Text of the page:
Island Mass Effect
Have you ever paddled down a river in a canoe, walked the edges of a forested stream, or been caught on a street corner in the rain waiting for the light to turn? If so, then you will have seen (though may not have appreciated) the complex pattern of water flow created by a stray boulder, a rock, or a pile of leaves. Each of these obstructions causes currents or eddies. On a much larger scale, a similar phenomenon can be observed as oceanic currents are impeded by islands. Often, upwelling of deep, nutrient-rich water accompanies complex currents in an island’s wake. These upwelling events may support an increase in biological productivity, from primary producers and consumers to higher trophic levels. The observation of increased biological productivity associated with islands has been referred to as the “island mass effect.”
Data from C-190 Thomas Evans and William Rich
Students at SEA have studied this phenomenon near several Caribbean and Pacific islands. Using a hull-mounted, acoustic doppler current profiler, or ADCP (the only one of its kind on a sailing vessel), students are able to characterize complex current patterns down to depths of 600m.SEA’s vessels are also equipped with a clean seawater flow-through system that monitors temperature, salinity, and fluorescence (an estimate of productivity) in real time. This instrumentation allows students to observe small-scale upwelling events.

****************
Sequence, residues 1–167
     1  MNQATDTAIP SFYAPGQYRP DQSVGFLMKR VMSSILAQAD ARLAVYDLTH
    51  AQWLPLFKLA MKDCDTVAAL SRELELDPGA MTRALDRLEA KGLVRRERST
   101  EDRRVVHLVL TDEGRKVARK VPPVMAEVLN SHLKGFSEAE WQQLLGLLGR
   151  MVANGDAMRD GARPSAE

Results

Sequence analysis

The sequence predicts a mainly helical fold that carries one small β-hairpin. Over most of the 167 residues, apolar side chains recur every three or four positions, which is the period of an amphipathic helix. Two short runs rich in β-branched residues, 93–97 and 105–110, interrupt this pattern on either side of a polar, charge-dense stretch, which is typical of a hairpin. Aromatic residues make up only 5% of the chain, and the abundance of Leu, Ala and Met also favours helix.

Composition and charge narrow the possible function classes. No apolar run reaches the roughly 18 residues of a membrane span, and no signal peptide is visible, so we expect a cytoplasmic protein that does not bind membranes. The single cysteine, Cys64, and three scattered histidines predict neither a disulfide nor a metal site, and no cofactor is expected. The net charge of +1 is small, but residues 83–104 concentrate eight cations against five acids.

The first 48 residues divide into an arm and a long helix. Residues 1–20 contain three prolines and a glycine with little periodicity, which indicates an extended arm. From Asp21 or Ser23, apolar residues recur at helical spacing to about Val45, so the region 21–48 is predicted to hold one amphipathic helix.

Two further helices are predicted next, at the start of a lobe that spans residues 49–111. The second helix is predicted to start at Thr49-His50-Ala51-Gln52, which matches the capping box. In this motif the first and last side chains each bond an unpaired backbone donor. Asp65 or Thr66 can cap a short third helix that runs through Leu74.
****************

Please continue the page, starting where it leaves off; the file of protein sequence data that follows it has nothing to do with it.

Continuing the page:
On a recent SEA trip, students clearly identified patterns of eddy formation and upwelling in the wake of several Caribbean islands, including Islas los Roques off the coast of Venezuela. In the same area, students used data from neuston tows to identify an island mass effect as chlorophyll-a concentrations, zooplankton biomass, and number of fish larvae all increased in comparison with other Caribbean stations.